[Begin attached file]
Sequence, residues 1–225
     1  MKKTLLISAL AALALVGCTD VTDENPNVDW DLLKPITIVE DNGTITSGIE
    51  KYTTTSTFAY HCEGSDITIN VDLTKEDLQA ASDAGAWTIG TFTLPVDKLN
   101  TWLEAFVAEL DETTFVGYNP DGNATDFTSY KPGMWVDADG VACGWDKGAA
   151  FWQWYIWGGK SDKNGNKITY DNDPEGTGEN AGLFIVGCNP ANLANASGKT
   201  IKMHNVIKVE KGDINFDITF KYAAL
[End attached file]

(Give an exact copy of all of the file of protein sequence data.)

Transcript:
Sequence, residues 1–225
     1  MKKTLLISAL AALALVGCTD VTDENPNVDW DLLKPITIVE DNGTITSGIE
    51  KYTTTSTFAY HCEGSDITIN VDLTKEDLQA ASDAGAWTIG TFTLPVDKLN
   101  TWLEAFVAEL DETTFVGYNP DGNATDFTSY KPGMWVDADG VACGWDKGAA
   151  FWQWYIWGGK SDKNGNKITY DNDPEGTGEN AGLFIVGCNP ANLANASGKT
   201  IKMHNVIKVE KGDINFDITF KYAAL